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Q Acoustics 2050 review

Adept at making even the poorest of recordings easy to swallow, the Q Acoustics 2050s are great at filling large spaces with their smooth, bassy sound Tested at £370.00

Our Verdict

Ideal if you want lots of bass, a smooth listen and have a large room to fill

For

  • Scale, authority and power
  • good bass
  • refinement
  • excellent build and finish

Against

  • Lack a little agility and attack

If you judge things by how much you get for the money, the Q Acoustics 2050s have got to be the biggest bargain of the year.

Your £370 (look around and you'll find them even cheaper) not only buys one of the largest budget floorstanders we've come across (101 x 27 x 32cm), but also excellent build and finish.

These speakers may be pitched at the sharp end of the market, but there's little physically to suggest pennies have been pinched. We particularly like the integral steel plinth and the neatly inset speaker connections – touches like these speak of obsessive attention to detail.

The 2050 is a two-way ported design with the twin 16.5cm drivers working in parallel through the midrange and bass, leaving a 25mm soft-dome tweeter to deal with the rest.

The result is very much in line with other Q Acoustics speakers we've reviewed, and that's good news.

The 2050s are full bodied and smooth, making even the worst of recordings listenable, and the speakers easy to match with the ropiest of partnering kit.

Fed with good-quality electronics – we used budget amps from Rotel and Cambridge as well as our reference Naim/Bryston pairing – the results are pleasing.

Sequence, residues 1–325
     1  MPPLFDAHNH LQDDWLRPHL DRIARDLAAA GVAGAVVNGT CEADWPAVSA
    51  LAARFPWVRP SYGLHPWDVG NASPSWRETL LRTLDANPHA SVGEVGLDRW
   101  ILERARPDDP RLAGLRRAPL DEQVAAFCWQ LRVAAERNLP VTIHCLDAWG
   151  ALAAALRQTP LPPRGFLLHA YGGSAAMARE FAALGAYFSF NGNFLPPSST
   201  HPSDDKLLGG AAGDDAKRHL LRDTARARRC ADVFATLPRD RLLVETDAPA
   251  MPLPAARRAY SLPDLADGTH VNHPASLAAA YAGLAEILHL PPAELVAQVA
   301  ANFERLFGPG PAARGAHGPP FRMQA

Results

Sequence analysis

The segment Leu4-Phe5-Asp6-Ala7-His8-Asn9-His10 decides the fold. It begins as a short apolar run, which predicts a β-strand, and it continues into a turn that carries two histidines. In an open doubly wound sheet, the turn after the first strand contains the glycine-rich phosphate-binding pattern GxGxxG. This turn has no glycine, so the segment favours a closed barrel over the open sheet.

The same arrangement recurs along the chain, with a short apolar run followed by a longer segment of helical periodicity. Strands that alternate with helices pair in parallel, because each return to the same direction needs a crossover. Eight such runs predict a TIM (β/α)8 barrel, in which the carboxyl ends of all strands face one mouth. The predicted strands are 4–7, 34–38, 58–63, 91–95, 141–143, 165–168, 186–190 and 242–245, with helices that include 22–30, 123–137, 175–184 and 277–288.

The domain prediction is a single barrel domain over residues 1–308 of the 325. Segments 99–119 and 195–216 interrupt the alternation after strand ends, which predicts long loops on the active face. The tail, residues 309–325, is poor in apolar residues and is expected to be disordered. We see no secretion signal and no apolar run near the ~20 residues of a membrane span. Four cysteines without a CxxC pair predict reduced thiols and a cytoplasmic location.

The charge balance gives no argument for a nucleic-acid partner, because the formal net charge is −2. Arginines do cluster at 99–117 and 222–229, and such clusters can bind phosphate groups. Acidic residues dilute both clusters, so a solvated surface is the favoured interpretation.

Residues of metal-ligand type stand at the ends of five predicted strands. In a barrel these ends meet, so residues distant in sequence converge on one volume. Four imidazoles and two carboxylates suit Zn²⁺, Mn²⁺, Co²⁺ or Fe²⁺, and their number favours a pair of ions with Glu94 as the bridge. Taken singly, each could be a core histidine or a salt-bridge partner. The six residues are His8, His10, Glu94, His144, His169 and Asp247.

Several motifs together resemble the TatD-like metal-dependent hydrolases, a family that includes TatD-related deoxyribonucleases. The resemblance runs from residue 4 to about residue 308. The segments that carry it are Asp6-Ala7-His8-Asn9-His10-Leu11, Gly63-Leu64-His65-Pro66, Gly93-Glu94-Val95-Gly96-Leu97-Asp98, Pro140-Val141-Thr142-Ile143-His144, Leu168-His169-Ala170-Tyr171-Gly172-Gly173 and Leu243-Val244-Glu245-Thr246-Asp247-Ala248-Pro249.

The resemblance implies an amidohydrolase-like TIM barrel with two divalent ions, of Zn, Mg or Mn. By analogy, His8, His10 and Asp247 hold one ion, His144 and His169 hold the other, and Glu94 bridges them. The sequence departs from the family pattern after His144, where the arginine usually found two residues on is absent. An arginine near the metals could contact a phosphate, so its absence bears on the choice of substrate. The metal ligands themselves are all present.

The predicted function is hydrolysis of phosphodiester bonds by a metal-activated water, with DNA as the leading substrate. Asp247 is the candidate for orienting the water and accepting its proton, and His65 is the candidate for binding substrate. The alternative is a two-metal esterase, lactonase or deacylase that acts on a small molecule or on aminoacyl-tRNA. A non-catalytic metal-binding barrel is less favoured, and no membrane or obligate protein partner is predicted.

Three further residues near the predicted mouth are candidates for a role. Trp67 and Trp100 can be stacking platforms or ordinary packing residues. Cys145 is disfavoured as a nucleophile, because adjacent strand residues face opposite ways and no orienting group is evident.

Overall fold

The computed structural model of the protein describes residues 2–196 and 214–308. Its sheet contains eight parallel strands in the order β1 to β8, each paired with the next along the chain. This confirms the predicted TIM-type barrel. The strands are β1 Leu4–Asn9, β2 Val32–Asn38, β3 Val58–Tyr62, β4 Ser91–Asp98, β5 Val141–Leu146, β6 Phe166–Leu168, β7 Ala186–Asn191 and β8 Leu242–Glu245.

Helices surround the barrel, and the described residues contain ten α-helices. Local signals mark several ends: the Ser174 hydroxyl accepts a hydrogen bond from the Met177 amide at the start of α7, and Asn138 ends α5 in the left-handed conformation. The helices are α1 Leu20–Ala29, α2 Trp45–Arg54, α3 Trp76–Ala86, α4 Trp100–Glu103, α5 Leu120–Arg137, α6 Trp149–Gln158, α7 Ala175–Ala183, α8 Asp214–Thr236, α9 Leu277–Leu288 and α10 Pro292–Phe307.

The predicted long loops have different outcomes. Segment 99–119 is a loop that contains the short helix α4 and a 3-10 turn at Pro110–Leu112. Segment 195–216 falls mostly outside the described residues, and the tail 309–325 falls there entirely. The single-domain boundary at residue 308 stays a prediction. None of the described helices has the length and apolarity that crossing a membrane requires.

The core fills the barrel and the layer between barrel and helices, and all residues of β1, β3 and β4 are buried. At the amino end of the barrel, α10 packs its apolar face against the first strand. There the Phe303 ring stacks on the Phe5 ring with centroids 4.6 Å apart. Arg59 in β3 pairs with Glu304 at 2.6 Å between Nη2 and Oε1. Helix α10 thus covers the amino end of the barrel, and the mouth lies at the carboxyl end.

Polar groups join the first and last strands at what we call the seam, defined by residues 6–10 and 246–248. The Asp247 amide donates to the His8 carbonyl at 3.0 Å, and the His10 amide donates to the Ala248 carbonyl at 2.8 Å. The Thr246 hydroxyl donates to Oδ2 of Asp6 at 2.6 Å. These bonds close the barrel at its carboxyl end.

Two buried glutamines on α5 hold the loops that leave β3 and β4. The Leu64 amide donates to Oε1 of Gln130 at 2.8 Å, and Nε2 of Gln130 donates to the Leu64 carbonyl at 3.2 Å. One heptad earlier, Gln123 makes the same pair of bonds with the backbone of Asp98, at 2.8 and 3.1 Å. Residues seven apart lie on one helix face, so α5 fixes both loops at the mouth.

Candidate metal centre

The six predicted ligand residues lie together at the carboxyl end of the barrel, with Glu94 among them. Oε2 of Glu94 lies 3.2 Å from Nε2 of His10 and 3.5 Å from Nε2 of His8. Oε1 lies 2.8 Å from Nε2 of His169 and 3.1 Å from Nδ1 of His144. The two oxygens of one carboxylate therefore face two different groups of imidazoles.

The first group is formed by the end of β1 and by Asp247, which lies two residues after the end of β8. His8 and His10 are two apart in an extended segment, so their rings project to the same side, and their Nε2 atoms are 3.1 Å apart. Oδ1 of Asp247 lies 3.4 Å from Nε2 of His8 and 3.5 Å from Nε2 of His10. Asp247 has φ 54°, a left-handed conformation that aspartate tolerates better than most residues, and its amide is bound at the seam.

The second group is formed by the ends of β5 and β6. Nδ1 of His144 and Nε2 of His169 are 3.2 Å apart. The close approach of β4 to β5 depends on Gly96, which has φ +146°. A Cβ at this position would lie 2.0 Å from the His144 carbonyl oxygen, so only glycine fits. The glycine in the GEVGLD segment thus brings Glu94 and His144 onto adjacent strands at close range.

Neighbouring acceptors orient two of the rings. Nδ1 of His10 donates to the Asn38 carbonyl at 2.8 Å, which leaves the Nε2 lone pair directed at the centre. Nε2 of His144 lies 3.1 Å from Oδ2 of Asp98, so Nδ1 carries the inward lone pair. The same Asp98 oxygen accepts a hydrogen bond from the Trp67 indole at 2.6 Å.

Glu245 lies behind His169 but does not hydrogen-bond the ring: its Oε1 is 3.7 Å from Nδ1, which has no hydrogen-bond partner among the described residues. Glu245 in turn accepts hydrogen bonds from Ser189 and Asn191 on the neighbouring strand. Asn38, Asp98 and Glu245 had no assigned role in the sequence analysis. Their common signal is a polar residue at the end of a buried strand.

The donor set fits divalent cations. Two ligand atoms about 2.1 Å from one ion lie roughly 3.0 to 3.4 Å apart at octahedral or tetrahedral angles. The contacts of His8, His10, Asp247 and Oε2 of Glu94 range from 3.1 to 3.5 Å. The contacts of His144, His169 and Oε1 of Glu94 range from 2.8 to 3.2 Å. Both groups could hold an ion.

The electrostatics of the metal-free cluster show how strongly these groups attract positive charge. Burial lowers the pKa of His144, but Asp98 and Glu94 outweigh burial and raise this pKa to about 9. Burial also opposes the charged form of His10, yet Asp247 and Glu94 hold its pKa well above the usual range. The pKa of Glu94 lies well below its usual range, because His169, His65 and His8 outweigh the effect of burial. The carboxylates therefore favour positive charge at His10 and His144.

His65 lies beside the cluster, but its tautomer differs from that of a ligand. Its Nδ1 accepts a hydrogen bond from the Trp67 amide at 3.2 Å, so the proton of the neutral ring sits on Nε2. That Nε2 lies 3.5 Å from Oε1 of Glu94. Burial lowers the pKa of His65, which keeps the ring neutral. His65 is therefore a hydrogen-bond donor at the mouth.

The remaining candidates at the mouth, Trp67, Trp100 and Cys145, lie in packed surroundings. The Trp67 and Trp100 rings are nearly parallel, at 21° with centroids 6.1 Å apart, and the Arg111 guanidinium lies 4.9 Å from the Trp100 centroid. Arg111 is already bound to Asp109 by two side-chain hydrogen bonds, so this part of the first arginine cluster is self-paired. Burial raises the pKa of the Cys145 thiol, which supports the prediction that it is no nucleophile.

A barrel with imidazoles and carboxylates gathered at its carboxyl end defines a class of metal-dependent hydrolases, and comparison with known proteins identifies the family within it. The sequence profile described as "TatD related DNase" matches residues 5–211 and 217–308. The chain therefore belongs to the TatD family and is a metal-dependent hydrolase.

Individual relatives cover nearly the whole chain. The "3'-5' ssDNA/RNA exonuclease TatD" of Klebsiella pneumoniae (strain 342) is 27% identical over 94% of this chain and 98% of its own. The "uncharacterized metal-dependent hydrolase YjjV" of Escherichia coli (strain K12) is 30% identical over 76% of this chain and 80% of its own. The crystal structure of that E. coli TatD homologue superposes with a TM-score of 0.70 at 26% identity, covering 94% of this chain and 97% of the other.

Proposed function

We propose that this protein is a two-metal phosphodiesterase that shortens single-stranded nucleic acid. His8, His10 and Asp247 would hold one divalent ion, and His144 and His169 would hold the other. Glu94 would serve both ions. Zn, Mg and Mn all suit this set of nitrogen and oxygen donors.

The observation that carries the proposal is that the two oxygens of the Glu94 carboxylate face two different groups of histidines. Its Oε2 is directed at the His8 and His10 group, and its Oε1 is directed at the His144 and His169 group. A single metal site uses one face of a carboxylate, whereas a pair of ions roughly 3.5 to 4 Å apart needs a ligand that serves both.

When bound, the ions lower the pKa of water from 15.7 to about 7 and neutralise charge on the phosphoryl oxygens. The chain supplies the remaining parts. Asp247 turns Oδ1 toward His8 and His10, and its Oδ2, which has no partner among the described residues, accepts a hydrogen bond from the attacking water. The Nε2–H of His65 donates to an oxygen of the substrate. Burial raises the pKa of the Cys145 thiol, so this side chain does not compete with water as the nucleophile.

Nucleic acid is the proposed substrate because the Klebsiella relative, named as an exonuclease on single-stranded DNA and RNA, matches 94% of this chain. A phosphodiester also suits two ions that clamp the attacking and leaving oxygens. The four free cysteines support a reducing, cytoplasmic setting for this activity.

Decently controlled bass
As you'd expect from speakers so big there's plenty of bass, but importantly, it's decently controlled provided the speakers are positioned well away from rear or side walls.

A disc such as Nitin Sawhney's Prophesy can easily turn into a mess with speakers that lack bass control, but not here. The 2050s combine authority, scale and volume with skill.

Most decently designed budget floorstanders tend to get these things right, it's when they're asked to deliver finesse and agility that things sometimes fall apart.

That's not the case here. While not as nimble or insightful as the best speakers at this money, these towers remain articulate enough to keep up with complex, fast-moving dance music such as Basement Jaxx's Remedy: that's pleasing for a speaker of this type.

Sure, a touch more bite wouldn't go amiss, but at this price the 2050s do well.

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What Hi-Fi?, founded in 1976, is the world's leading independent guide to buying and owning hi-fi and home entertainment products. Our comprehensive tests help you buy the very best for your money, with our advice sections giving you step-by-step information on how to get even more from your music and movies. Everything is tested by our dedicated team of in-house reviewers in our custom-built test rooms in London, New York and Bath. Our coveted five-star rating and Awards are recognised all over the world as the ultimate seal of approval, so you can buy with absolute confidence.


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